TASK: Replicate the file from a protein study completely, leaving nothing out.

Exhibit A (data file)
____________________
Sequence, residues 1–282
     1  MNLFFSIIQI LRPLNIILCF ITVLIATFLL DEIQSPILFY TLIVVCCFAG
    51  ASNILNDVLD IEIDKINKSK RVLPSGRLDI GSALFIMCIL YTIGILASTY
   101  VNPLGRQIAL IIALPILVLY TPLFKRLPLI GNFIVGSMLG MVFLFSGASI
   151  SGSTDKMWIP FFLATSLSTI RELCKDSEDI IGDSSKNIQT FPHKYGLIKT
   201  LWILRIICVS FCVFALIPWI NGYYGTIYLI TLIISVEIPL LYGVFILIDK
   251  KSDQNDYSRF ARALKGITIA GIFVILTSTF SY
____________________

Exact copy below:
Sequence, residues 1–282
     1  MNLFFSIIQI LRPLNIILCF ITVLIATFLL DEIQSPILFY TLIVVCCFAG
    51  ASNILNDVLD IEIDKINKSK RVLPSGRLDI GSALFIMCIL YTIGILASTY
   101  VNPLGRQIAL IIALPILVLY TPLFKRLPLI GNFIVGSMLG MVFLFSGASI
   151  SGSTDKMWIP FFLATSLSTI RELCKDSEDI IGDSSKNIQT FPHKYGLIKT
   201  LWILRIICVS FCVFALIPWI NGYYGTIYLI TLIISVEIPL LYGVFILIDK
   251  KSDQNDYSRF ARALKGITIA GIFVILTSTF SY